At each milestone age, immunization status was compared with the immunization status at the previous milestone age to determine whether children had remained UTD, remained non-UTD, fallen behind due to a missed visit, fallen behind due to a missed opportunity, or caught up with the immunization schedule. Children remained UTD if they were UTD at the prior milestone age and UTD at the current milestone age. Children remained non-UTD if they were non-UTD at the prior milestone age and non-UTD at the current milestone age. This classification is presented in Table 2.
Children fell behind due to a missed visit if they were UTD at the prior milestone age, non-UTD at the current milestone age, and had no record of a valid healthcare visit or immunization record during the period in between. Children fell behind due to a missed opportunity if they were UTD at the prior milestone age, non-UTD at the current milestone age, and had a vaccination-eligible healthcare visit during the period in between. Children caught up if they were non-UTD at the prior milestone age and UTD at the current milestone age. An exception to the missed opportunity calculation is for the 16-month milestone, which includes the first MMR vaccine. The MMR is not valid before 12 months of age, so encounters between 7 months and 12 months were not counted as potential missed opportunities.
As a check on the completeness of immunization visits represented by this merged dataset, a Lincoln-Peterson capture-recapture method was used to estimate the percentage of immunization visits for the study population not captured by the ALERT IIS either by provider records or by OHP administrative records. The total number of immunization visits, both captured and uncaptured, was estimated by where is the total estimated number of visits, is the number of visits captured by provider reports in ALERT, is the number of visits captured by OHP billing and administrative reports, and is the number of visits captured in both by date.
The principal assessment tool of this study is a time-based progression of young children across milestones and age-appropriate immunizations, presented in a novel form for easier depiction of change between milestones. The data by milestone are presented for whether children were complete on age-appropriate immunizations along with categories for catching up and falling behind by milestone, and by missed opportunities versus missed visits for non-UTD children. Finally, a comparison of age-appropriate milestone results is made to a summary UTD measure for the 4:3:1:3:3:1 immunization series assessed at 24 to 35 months of age.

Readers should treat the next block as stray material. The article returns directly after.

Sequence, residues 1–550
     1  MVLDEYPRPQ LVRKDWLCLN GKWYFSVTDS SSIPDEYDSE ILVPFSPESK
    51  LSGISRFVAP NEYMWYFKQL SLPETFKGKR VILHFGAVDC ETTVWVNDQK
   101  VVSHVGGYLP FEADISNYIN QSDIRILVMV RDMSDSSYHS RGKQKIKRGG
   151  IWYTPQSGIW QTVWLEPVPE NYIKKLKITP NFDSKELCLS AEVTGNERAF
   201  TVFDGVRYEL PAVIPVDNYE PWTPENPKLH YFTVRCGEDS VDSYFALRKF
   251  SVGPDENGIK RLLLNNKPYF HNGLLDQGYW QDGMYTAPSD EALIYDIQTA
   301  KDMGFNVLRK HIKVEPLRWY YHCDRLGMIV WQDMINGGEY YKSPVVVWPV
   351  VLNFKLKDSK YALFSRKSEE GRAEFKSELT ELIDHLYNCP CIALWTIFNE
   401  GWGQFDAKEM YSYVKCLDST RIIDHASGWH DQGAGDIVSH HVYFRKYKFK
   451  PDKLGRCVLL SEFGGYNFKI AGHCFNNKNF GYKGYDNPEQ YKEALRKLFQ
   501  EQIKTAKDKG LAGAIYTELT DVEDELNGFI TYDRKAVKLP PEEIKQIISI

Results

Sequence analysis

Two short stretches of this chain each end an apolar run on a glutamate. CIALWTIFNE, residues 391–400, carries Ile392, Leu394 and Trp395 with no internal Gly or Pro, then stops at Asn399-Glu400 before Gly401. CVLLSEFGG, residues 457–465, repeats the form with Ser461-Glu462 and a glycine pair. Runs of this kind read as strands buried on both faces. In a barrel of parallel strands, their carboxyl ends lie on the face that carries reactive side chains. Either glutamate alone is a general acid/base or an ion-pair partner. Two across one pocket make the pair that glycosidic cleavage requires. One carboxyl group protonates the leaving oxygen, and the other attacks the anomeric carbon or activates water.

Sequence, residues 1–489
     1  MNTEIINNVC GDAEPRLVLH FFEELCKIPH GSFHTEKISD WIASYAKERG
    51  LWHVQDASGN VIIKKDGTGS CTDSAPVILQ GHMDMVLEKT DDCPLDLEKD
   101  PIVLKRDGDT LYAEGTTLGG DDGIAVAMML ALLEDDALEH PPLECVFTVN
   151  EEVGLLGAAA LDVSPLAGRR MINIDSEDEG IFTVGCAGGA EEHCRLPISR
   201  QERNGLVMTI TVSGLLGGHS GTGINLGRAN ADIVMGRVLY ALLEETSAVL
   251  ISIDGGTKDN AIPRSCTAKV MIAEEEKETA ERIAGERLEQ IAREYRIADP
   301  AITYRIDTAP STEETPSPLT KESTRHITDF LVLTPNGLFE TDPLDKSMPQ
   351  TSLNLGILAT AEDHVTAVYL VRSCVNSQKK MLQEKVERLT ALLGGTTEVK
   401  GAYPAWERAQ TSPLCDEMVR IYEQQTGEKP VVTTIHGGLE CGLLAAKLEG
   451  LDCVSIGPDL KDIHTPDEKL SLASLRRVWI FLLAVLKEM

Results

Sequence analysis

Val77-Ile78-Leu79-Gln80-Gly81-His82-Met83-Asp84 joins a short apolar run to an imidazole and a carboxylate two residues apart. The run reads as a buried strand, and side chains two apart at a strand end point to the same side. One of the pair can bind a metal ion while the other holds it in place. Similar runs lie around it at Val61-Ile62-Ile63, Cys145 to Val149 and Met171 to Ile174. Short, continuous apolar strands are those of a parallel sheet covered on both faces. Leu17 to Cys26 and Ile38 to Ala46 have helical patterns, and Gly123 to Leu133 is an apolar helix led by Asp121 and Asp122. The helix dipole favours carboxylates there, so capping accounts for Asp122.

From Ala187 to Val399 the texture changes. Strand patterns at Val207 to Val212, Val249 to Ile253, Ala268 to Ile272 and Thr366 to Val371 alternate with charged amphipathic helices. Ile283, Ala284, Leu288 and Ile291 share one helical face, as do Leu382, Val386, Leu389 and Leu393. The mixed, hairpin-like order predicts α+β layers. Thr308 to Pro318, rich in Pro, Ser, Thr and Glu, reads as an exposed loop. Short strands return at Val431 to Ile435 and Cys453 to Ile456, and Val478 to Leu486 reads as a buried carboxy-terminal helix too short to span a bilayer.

Of 20,411 children born in 2005 who were enrolled in the Oregon Health Plan for some period of time, 13,199 met the requirements to be counted among the study population. The reasons and scope of exclusions are presented in Table 3. The numbers of those excluded are listed in the order they were excluded and do not reflect the total prevalence of each criterion in the population; for example, of the 1,004 children excluded for being born out of Oregon, the majority would also have been excluded for length of enrollment. The primary reason for exclusions from the study population is nonenrollment after 1 year of age, so that no encounter data would be reported to OHP. Also 2% of the study population met all enrollment criteria except that they did not have any reported immunizations. These may represent true nonimmunized children, and were also excluded.
The count of total immunization visits across both datasets was 74,919. The capture-recapture estimate of total immunization visits for the study population was 76,087. Thus the dataset appears relatively complete for all immunization visits of the study population, with the combination of ALERT IIS provider reports and OHP administrative data capturing 98.4% of estimated immunization visits among the study population.